Faculty Diversity and Inclusion Fellowship

​The Faculty Diversity and Inclusion Fellowship Program at CMU offers opportunities for professional development and to make substantive contributions to diversity, equity, and inclusion efforts by tenured faculty members at the university. The program builds leadership skills to become more effective in their current positions, to have a meaningful impact on diversity, equity, and inclusion policy, and to explore intensively an interest in becoming administrative leaders in the future. Each faculty member selected for the program serves under the mentorship of, and in partnership with, the Vice President and Chief Diversity Officer to accomplish one or more mutually defined projects, takes part in a formal diversity and inclusion seminar series, engages with a range of university senior administrators and administrative groups, leads a conference team off campus, and meets regularly together with the Vice President.

The full program description:

2021 CMU Faculty D and I Fellowship Prog Description.pdf

Application for calendar year 2021:

2021 CMU Faculty Diversity and Inclusion Fellowship Program Application.pdf

Faculty Diversity and Inclusion Recipients:

The second cohort of this fellowship awarded in January 2020:

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"This fellowship has been invaluable in providing the time and space to investigate rural students and their college-going intentions. As CMU continues to center equity and justice, it is critical that we understand all our diverse populations, including geography."


Dr. Anne Hornak brings a commitment to ethics, social justice and gender in higher education to her research and teaching as a member of the faculty in the Department of Educational Leadership. Her project this year is looking at the experiences of rural students and their participation in higher education across the state and here at CMU. Seventy-two percent of the U.S. is considered rural and 18% of K-12 public school students attend a school classified as rural (Crain, 2018). Her project generated data which offered important insights to make teaching, learning, and co-curricular experiences accessible for this important group of students.


Veronica Barone headshot.jpg“This fellowship provided the time for me to focus on better understanding implicit bias and gender. Through this study, I was able to look into approaches taken at other institutions to increase representation for a diversely rich workplace and adapt these approaches to develop a new initiative that fits our needs here at CMU."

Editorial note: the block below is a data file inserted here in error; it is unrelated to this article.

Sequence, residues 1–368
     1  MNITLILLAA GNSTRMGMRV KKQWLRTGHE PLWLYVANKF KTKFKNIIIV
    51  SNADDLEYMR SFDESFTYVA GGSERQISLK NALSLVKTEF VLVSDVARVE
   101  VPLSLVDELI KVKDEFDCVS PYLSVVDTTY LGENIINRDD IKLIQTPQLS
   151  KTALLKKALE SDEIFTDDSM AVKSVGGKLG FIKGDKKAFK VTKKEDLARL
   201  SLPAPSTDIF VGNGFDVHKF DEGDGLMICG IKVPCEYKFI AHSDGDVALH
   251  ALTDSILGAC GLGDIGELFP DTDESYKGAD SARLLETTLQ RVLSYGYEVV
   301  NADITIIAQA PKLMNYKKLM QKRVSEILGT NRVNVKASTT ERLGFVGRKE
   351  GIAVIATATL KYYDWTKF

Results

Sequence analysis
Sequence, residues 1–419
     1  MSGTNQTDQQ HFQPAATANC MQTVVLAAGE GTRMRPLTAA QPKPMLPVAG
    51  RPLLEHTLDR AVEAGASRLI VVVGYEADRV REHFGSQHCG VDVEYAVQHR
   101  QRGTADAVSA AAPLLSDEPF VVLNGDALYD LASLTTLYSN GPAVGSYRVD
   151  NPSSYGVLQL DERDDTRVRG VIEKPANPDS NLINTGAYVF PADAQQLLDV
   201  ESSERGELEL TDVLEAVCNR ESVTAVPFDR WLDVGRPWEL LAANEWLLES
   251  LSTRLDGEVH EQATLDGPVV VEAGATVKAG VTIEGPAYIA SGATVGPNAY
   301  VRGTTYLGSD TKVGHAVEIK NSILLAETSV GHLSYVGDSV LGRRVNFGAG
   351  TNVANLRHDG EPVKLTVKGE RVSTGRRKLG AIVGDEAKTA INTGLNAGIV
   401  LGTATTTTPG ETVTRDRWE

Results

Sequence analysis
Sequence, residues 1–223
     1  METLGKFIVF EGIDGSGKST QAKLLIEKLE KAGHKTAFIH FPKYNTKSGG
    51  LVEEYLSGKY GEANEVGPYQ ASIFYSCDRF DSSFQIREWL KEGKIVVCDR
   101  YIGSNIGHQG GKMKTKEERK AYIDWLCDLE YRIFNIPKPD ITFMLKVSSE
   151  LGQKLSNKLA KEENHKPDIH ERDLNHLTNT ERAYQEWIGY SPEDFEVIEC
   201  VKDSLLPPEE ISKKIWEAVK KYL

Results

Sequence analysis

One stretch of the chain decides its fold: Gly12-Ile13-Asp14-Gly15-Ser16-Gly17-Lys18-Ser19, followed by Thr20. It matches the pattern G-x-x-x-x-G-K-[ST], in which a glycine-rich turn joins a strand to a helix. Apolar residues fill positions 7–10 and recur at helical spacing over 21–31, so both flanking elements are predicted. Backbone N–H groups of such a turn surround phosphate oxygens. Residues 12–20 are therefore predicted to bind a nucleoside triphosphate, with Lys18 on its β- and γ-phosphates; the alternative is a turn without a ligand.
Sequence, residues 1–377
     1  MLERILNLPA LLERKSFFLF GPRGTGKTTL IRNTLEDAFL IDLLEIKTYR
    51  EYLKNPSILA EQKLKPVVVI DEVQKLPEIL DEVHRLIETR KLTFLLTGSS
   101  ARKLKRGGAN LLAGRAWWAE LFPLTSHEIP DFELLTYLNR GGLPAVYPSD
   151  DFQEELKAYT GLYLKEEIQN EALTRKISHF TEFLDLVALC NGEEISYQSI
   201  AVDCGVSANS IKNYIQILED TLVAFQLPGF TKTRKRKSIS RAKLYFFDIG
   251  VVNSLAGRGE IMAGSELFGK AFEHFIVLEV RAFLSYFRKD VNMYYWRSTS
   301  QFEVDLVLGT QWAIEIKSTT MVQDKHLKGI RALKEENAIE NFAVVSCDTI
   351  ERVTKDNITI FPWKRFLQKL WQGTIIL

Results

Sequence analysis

As a Physics professor, Dr. Veronica Barone has specialized in electronic structure calculations based on quantum mechanics to study novel materials for sustainable energy. As one of the few women tenured professors of physics nationally, she is interested in the dynamics of gender in STEM faculty careers.


The first two fellowships awarded in January 2019:

Shingles headshot.jpeg"Being a Diversity Fellow allowed me the time, resources, and mentoring to achieve my short-term goal of identifying and beginning to fill in the knowledge, skills and ability gaps in the area of diversity, equity and inclusion.  I still have much to learn, and I now have a better understanding of what I need to do.  By facilitating eight workshops/presentations across campus, I was able to implement what I learned, in so doing contribute to the larger CMU core value of inclusiveness through my work with faculty, staff, and students."  History making Dr. René Revis Shingles, the first African-American woman inducted into the National Athletic Trainers' Association Hall of Fame, and professor in The Herbert H. & Grace A. Dow College of Health Professions, and Faculty Athletic Training Education, applied to the fellowship for the purpose of creating faculty development workshops to help faculty teach DEI content. She first sought to obtain time to develop new knowledge, skills and abilities in the area of diversity, inclusion, equity, and advocacy by working with and being mentored by professionals in the discipline. Secondly, Dr. Shingles aspired to develop, implement and assess a faculty development workshop/module and/or materials to help faculty teach diversity.


Strachan-J.-Cherie headshot.jpg

"My time as a diversity fellow provided time to focus on my applied research on intersectional civic engagement pedagogy and to develop working relationships with program coordinators at several higher education associations.  These include the American Association of State Colleges and Universities (AASCU), the American Association of Colleges & Universities (AAC&U), the Institute for Democracy & Higher Education (IDHE), the Kettering Foundation, and the American Political Science Association (APSA)."

Dr. Cherie Strachan is the Assistant Dean for the College of Humanities and Social and Behavioral Sciences, the author of High-Tech Grassroots: The Professionalization of Local Elections among many published articles and book chapters and co-founder of the Consortium for Intercampus SoTL Research. Several of her initiatives from her diversity project are outlined in her 2020 keynote address to the American Political Science Association's Teaching & Learning Conference.